magnify

I·CONnect

Blog of the International Journal of Constitutional Law
Home Articles posted by dlandau (Page 31)
formats

Whose “Constitutional Moment” is it Anyway? A Response to Professor Chen on Electoral Reform in Hong Kong

—Alyssa S. King, lawyer in New York and 2012 graduate of Yale Law School, and Alvin Y. H. Cheung, New York University School of Law* As the controversy over Hong Kong’s Chief Executive electoral reforms for 2017 rages on, it is vital not to lose sight of the parameters of the debate.[i] The importance of the

Read More…

Published on April 10, 2014
Author:          Filed under: Analysis
 
formats

Might Afghans Amend The 2004 Constitution? Hints from a Televised Presidential Debate

—Clark B. Lombardi & Shamshad Pasarlay, University of Washington School of Law 2014 marks the tenth anniversary of the current Afghan Constitution, as a post last month on FP.com (cross-posted on this blog) noted. In that post, two American experts in comparative constitutional law, Tom Ginsburg and Aziz Huq, critiqued the performance of the government

Read More…

Published on April 3, 2014
Author:          Filed under: Developments
 
formats

General Anti-Tax-Avoidance Rule and the Belgian Constitutional Court

–Eric Ntini Kasoko, University of Liège, Belgium (PhD Candidate) On 30th October 2013, the Belgian Constitutional Court ended the suspense as to whether or not the new general anti-avoidance rule (GAAR) applicable to income tax, registration fees and estate tax was contrary to the Belgian Constitution[i]. The Court decision was much-awaited as the new anti-avoidance

Read More…

Published on March 22, 2014
Author:          Filed under: Developments
 
formats

I.CON’s current issue (Table of Contents)

I.CON Volume 12 Issue 1 Table of Contents Editorial Articles Ruth Rubio-Marín, The achievement of female suffrage in Europe: On women´s citizenship Günter Frankenberg, Human rights and the belief in a just world Aoife Nolan, Holding non-state actors to account for constitutional economic and social rights violations: Experiences and lessons from South Africa and Ireland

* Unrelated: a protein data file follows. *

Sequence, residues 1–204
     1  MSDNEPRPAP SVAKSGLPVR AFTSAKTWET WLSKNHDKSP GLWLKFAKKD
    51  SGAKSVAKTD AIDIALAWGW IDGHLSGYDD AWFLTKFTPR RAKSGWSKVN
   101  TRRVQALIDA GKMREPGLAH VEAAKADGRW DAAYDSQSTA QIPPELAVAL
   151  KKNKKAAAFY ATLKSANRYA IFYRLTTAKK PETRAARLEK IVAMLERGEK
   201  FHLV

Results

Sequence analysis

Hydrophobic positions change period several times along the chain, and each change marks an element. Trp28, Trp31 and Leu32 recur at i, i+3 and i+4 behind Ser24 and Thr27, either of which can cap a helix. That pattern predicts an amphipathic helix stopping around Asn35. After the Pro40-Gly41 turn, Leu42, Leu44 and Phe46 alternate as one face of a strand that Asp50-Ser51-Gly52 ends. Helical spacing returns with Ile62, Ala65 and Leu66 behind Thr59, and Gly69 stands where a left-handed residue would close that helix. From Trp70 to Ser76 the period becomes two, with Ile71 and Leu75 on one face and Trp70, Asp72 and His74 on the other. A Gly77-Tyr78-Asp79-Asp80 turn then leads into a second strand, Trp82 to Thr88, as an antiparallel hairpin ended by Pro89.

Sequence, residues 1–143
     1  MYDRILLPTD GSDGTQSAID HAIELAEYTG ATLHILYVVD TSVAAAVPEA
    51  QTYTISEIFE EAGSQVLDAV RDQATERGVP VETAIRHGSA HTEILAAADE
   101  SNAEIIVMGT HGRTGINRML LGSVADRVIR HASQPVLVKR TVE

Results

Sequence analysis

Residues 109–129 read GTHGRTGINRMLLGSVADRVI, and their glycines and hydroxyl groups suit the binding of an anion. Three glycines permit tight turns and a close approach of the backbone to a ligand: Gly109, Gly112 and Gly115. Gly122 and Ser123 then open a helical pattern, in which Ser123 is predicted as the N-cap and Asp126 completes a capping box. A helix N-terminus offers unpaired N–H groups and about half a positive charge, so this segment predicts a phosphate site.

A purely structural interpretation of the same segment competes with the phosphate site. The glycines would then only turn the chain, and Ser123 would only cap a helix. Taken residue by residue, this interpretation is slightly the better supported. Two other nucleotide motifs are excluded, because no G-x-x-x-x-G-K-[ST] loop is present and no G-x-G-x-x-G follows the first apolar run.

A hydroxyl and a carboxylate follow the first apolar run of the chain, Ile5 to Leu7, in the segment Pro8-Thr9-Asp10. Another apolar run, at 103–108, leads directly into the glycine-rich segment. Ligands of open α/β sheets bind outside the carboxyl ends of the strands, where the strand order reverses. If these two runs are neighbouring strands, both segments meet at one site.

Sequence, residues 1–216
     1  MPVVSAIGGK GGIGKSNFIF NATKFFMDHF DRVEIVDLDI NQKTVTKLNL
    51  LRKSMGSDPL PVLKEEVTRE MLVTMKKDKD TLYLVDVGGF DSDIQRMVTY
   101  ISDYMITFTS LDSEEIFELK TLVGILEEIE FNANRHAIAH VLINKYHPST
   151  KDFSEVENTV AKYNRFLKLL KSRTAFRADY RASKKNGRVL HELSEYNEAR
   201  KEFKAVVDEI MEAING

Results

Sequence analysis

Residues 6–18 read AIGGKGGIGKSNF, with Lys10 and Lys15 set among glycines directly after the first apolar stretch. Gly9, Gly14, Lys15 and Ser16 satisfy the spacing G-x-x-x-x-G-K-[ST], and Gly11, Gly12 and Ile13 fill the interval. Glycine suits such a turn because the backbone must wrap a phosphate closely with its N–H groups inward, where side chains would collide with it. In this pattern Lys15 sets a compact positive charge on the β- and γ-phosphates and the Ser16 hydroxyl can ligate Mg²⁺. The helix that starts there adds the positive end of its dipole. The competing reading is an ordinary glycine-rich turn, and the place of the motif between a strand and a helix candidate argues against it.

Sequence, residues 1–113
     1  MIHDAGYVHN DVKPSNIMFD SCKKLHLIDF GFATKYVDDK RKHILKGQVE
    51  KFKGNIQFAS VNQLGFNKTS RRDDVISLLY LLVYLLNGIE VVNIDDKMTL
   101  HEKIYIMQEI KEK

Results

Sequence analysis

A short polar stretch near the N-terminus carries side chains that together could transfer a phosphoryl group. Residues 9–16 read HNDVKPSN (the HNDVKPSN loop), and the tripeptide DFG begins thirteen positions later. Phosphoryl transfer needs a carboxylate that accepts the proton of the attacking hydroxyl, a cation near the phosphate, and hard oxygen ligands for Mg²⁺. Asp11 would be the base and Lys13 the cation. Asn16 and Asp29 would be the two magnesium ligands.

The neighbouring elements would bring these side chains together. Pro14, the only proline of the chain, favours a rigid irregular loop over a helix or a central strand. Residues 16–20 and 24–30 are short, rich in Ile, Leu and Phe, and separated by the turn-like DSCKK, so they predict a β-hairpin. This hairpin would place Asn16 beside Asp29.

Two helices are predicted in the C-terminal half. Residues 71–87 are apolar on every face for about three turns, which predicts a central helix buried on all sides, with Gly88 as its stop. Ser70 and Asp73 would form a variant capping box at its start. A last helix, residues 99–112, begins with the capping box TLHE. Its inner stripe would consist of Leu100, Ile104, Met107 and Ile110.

Read More…

Published on March 21, 2014
Author:          Filed under: Editorials
 
formats

Suspended Declarations of Invalidity and the Rule of Law

—Robert Leckey, McGill University [cross-posted from UK Constitutional Law Blog] In December 2013, the Supreme Court of Canada declared the constitutional invalidity of three major provisions in the domestic criminal law on sex work. Specifically, in Canada (Attorney General) v Bedford, the Court struck down prohibitions against keeping a bawdy-house, living on the avails of

Read More…

Published on March 13, 2014
Author:          Filed under: Analysis
 
formats

Squaring the “Universal Suffrage” Circle in Hong Kong’s Transition to Democracy Under the Guidance of China

—P.Y. Lo, Barrister-at-law, Gilt Chambers, Hong Kong; Part-time tutor, Faculty of Law, The University of Hong Kong. Hong Kong is a transitional democracy in the sense that its constitutional instrument, the Basic Law of the Hong Kong Special Administrative Region of the People’s Republic of China (the Basic Law) [1], provides for the fast track

Read More…

Published on February 8, 2014
Author:          Filed under: Analysis
 
formats

On the Tight Rope: The Turkish Constitutional Court and the Balbay Case

—Basak Cali, Koç University Law School It is well-known political science knowledge that domestic high courts strive for simultaneous sources of legitimacy. On the one hand, courts seek political legitimacy from governing political elites. On the other they seek legal legitimacy from lower rank domestic courts, other high courts, lawyers and domestic the judicial community in

Read More…

Published on January 18, 2014
Author:          Filed under: Developments
 
formats

A Successful Challenge to Canada’s Prostitution Laws

—Vanessa MacDonnell, University of Ottawa Faculty of Law On December 20, the Supreme Court of Canada ruled in one of the most anticipated cases of 2013: Canada (Attorney General) v Bedford[i], a constitutional challenge to three prostitution provisions of the Criminal Code of Canada.[ii] These provisions made it an offence to keep a common bawdy

Read More…

Published on January 15, 2014
Author:          Filed under: Developments
 
formats

The French Constitutional Council and the 2014 Finance Law

—Angelique Devaux, French Licensed Attorney (Notaire) At the end of every year, before wishing the traditional best wishes, the Constitutional Council of the French Republic renders its decision on the Finance Act for the year ahead. Eagerly anticipated by the Government and taxpayers, the decision endorses (wholly or partly) the budget of France for the

Read More…

Published on January 11, 2014
Author:          Filed under: Developments
 
formats

Constitutionally Eroding the Rule of Law

—William Partlett, Columbia Law School Recent work by Kim Lane Scheppele, Sam Issacharoff, David Landau, and myself has focused on the ways in which constitutional change can be used to render regimes less democratic. In Russia today, we are seeing constitutional change eroding another key liberal value: the rule of law. With very little fanfare

Read More…

Published on January 8, 2014
Author:          Filed under: Analysis